Science Fair Project Encyclopedia
From hippos (horse) and damazo (to tame), "Tamer of horses."
In Greek mythology, Hippodamia was the bride of King Pirithous of the Lapiths. At their wedding, Hippodamia, the other female guests, and the young boys were almost abducted by the centaurs. Pirithous and his friend, Theseus, led the Lapiths to victor over the centaurs. With Pirithous, she mothered Polypoetes.
Pelops wanted to marry Hippodamia. Oenamaus had pursued thirteen suitors of Hippodamia and killed them all after beating them in a chariot race. He did this because he loved her himself or, alternatively, because a prophecy claimed he would be killed by her son. Pelops (or alternatively, Hippodamia herself) convinced Myrtilus (by promising him half of Oenomaus kingdom), Oenomaus' charioteer to remove the linchpins attaching the wheels to the chariot. Oenomaus died. Pelops then killed Myrtilus because he didn't want to share the credit for winning the chariot race, or because Myrtilus had attempted to rape Hippodamia. As Myrtilus died, he cursed Pelops. This was the source of the curse that haunted Pelops' descendants, including Atreus, Thyestes, Agamemnon, Aegisthus, Menelaus and Orestes.
Spoken-word myths - audio files
|Hippodamia myths as told by story tellers|
|Pelops and Hippodameia - wiki.ogg|
|Bibliography of reconstruction: Pindar, Olympian Ode, I (476 BCE); Sophocles, (1) Electra, 504 (430 - 415 BCE) & (2) Oenomaus, Fr. 433 (408 BCE); Euripides, Orestes, 1024-1062 (408 BCE); Apollodorus, Epitomes 2, 1-9 (140 BCE); Diodorus Siculus, Histories, 4.73 (1st c. BCE); Hyginus, Fables, 84: Oinomaus; Poetic Astronomy, ii (1st c. CE); Pausanias, Description of Greece, 5.1.3 - 7; 5.13.1; 6.21.9; 8.14.10 - 11 (ca. 160 - 176 CE); Philostratus the Elder Imagines, I.30: Pelops (170 - 245 CE); Philostratus the Younger , Imagines, 9: Pelops (ca. 200 - 245 CE); First Vatican Mythographer , 22: Myrtilus; Atreus et Thyestes; Second Vatican Mythographer , 146: Oenomaus|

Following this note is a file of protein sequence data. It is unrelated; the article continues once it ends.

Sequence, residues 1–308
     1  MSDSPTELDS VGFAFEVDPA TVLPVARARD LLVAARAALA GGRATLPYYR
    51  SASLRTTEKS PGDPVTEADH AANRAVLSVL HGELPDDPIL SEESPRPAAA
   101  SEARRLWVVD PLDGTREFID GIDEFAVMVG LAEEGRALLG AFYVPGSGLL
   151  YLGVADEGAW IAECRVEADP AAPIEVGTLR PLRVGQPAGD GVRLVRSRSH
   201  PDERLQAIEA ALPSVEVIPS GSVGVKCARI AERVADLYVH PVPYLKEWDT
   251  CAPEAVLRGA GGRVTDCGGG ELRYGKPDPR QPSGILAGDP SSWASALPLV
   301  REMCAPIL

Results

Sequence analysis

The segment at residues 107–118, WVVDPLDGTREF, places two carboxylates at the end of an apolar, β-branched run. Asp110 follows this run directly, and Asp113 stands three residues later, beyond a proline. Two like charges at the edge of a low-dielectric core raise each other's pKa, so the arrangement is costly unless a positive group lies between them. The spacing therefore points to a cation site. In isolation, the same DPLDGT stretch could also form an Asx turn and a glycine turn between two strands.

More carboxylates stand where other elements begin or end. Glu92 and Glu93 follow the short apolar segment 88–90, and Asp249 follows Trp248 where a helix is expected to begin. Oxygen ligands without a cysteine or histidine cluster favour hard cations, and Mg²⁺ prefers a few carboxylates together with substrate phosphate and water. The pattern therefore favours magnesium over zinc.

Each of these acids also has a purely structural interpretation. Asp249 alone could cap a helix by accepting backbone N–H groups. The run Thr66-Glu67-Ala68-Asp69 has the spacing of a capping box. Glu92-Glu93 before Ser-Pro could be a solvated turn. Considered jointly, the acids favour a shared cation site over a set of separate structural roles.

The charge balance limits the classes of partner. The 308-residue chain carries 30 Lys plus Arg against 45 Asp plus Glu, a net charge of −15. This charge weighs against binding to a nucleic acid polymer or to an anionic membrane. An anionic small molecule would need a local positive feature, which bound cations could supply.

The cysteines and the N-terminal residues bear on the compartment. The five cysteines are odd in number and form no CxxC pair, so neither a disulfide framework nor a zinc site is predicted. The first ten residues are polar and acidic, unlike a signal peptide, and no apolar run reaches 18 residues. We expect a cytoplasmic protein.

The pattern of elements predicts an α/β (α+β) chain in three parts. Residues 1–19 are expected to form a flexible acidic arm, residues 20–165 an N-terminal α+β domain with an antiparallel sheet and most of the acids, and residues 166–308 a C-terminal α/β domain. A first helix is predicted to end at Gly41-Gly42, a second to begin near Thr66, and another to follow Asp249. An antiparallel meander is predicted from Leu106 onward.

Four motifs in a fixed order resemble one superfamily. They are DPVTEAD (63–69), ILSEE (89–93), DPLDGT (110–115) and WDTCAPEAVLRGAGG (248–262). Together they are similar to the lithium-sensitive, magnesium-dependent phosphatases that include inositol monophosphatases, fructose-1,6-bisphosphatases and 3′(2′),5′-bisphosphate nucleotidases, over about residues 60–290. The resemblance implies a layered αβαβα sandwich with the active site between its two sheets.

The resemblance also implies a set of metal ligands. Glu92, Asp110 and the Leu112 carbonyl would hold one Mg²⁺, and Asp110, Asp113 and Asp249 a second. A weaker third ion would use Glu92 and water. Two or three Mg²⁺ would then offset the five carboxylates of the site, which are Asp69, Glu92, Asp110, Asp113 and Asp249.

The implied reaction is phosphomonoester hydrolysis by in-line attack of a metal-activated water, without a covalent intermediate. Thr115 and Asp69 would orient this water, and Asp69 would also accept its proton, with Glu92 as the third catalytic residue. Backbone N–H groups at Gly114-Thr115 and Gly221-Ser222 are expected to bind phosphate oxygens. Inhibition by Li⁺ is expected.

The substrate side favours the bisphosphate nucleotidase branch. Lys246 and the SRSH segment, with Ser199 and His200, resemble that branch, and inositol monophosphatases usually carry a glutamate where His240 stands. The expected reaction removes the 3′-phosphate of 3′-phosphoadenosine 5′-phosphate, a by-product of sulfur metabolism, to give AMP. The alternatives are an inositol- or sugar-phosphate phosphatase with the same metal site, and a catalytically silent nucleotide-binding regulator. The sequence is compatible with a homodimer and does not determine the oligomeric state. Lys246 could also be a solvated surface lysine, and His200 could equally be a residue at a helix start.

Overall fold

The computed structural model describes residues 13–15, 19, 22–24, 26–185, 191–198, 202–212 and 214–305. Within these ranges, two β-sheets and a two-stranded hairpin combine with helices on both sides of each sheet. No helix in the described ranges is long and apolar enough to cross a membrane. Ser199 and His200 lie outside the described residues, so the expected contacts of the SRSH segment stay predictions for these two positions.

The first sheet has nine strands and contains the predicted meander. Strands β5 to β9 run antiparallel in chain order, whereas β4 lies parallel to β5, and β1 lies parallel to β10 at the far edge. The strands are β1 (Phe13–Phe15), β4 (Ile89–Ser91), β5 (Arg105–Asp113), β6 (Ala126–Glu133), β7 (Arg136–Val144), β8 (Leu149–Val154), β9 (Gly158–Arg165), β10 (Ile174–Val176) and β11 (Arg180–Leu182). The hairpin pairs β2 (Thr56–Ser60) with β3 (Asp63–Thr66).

|Laius and Chrysippus wiki.ogg|
|Bibliography of reconstruction: Pindar, Olympian Ode, I (476 BCE); Apollodorus Library and Epitome 3.5.5 (140 BCE); Hyginus, Fables, 85. Chrysippus; 243. Women who Committed Suicide (1st c. CE); Pausanias, Description of Greece, 9.5.5-10, 6.20.7 (c. 160 - 176 CE); Athenaeus, The Deipnosophists, Book XIII, 602 (c. 200 CE); Clement of Alexandria, Exhortation to the Greeks, ii, 34, 3 - 5 (150 - 215 CE)|
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